More from TruNews on the VERY important news that people are missing
ENEMIES FOREIGN AND
DOMESTIC: WILL U.S.
SPECIAL FORCES TAKE
OUT CCP MOLES INSIDE
Today on TruNews, we discuss the eery reports that President Trump is preparing a military roundup and a seizure of assets from any and all parties who were involved in election interference.
We discuss the viral post of self described retired Green Beret Colonel Troy Perez, and the sudden delay of DNI chief John Ratcliffe’s December 18th report, while the West reckons with the fallout, and possible retaliation, to the SolarWinds hack of the military’s Global Brain computer networks.
Rick Wiles, Doc Burkhart, Edward Szall, Matt Skow. Airdate 12/16/2020
Listen to the broadcast HERE
This was the breaking news during the show
They talked more about the hacking of the entire US government, allies and NATO.
I did a piece on this at great effort but it seems to have elicited very little interest. I suppose it does not pull the heartstrings.
I am therefore reposting it.
The cyber Pearl Harbor that has penetrated America’s most important government agencies
Or go to the TruNews story HERE
The cover story seems to be that the Russians (once again) were behind the hack. Excuse me if I join TruNews in my scepticism.
A widespread hack of software giant SolarWinds was found by cybersecurity firm FireEye as it investigated how its own systems were infiltrated in the same campaign—which is suspected of being the work of Russia.
Officials from California-based FireEye‘s incident response division, known as Mandiant, confirmed on Monday that its teams were first to raise the alarm to SolarWinds and U.S. law enforcement after discovering the far-reaching security compromise.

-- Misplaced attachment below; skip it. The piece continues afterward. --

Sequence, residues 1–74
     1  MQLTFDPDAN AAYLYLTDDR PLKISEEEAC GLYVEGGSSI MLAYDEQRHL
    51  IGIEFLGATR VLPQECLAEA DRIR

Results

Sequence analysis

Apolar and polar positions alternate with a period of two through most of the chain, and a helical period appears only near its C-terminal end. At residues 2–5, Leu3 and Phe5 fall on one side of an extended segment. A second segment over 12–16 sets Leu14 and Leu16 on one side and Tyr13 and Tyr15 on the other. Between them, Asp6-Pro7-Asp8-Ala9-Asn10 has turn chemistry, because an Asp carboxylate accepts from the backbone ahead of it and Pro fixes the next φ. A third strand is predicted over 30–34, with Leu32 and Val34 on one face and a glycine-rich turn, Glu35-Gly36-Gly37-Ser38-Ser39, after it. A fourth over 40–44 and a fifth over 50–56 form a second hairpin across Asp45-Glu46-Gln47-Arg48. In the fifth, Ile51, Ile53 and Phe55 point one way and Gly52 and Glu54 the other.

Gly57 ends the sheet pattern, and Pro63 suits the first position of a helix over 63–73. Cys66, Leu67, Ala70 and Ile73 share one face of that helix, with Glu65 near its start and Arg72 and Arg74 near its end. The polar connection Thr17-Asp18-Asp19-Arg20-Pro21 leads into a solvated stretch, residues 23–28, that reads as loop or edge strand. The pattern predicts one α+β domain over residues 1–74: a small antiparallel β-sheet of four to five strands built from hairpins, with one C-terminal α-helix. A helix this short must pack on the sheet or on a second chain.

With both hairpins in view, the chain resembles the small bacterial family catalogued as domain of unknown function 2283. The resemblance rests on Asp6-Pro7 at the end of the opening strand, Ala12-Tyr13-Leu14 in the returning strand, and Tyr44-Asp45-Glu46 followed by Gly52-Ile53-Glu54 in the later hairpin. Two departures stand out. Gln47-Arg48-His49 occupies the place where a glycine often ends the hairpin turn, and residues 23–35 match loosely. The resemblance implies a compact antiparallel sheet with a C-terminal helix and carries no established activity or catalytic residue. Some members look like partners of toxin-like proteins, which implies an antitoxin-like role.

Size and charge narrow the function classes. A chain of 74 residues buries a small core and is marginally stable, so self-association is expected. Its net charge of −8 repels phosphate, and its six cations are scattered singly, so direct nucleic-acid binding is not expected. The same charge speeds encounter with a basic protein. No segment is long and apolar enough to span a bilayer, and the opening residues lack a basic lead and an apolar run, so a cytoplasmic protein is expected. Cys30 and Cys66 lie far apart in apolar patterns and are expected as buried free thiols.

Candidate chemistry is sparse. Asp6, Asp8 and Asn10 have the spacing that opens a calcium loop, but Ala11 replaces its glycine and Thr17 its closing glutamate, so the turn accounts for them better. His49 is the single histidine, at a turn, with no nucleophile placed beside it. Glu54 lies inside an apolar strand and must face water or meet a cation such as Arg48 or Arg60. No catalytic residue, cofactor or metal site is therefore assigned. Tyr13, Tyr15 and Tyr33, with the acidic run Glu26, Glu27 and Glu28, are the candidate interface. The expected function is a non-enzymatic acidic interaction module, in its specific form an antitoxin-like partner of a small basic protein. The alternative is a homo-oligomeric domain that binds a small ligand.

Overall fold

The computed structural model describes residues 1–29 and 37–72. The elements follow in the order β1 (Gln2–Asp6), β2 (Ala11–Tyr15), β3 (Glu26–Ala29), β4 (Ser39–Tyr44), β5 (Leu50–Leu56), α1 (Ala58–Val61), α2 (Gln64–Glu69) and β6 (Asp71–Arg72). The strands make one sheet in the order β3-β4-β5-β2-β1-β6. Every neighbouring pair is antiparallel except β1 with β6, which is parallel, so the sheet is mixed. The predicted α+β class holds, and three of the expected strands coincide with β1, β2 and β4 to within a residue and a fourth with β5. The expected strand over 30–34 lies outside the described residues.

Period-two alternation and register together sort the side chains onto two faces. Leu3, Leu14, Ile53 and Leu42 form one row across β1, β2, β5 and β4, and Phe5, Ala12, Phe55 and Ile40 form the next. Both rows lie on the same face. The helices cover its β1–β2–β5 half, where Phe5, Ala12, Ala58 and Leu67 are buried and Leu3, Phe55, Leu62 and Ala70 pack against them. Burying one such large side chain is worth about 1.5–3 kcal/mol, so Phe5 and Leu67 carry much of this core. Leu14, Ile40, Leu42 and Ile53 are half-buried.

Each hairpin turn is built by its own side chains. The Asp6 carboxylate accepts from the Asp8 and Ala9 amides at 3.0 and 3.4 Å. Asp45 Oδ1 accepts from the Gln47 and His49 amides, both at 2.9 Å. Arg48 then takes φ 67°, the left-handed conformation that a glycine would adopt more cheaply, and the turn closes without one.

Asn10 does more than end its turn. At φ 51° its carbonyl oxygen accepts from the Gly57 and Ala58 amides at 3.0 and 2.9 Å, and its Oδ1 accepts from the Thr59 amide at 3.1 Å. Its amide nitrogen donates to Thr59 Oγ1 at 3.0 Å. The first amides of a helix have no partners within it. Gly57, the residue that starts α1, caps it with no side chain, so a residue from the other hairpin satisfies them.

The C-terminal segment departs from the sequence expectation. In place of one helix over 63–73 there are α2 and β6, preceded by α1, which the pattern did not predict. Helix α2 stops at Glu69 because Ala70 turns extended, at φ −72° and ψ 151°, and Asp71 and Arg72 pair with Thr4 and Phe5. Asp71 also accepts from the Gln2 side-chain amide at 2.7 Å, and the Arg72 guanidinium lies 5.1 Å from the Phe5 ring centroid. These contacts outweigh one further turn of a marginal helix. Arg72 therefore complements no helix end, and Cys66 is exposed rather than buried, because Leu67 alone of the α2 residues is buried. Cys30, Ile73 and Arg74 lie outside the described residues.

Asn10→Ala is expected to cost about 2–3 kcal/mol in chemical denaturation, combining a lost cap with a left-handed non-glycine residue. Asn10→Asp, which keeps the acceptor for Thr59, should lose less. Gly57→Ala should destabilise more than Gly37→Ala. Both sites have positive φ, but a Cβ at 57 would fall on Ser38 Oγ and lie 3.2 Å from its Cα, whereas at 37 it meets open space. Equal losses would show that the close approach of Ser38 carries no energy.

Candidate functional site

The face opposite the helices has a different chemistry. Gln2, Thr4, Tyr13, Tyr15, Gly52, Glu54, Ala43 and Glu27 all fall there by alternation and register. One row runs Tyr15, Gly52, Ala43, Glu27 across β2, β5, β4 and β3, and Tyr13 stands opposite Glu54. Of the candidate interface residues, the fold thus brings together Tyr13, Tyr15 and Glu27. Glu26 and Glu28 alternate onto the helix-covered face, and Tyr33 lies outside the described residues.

“We looked through 50,000 lines of source code, which we were able to determine there was a backdoor within SolarWinds,” Charles Carmakal, senior vice president and chief technical officer at Mandiant, told Bloomberg.
The National Security Agency (NSA) was apparently not aware until alerted by FireEye, The New York Times reported. The agency was listed as a SolarWinds customer.
“If this actor didn’t hit FireEye, there is a chance that this campaign could have gone on for much, much longer. One silver lining is that we learned so much about how this threat actor works and shared it with our [partners],” Carmakal said.
The fallout from the cyber-intrusion grew late on Monday as it was acknowledged that a slew of powerful agencies had possibly been hit, including the Department of Homeland Security (DHS), the State Department, Commerce, Treasury and the Pentagon.
Multiple sources said to be familiar with the investigation told Reuters on Monday that Russia was believed to be responsible for the cyberattack. Bloomberg reported the FBI was probing if a Russian hacking unit called APT29, or Cozy bear, was involved in the FireEye attack, but the cybersecurity company has not confirmed any attribution.
Investigations will continue to understand the full extent of the hack, which was able to abuse an alleged vulnerability in a SolarWinds monitoring platform called “Orion.” It has been suspected that the motivation behind the compromise was cyber-espionage.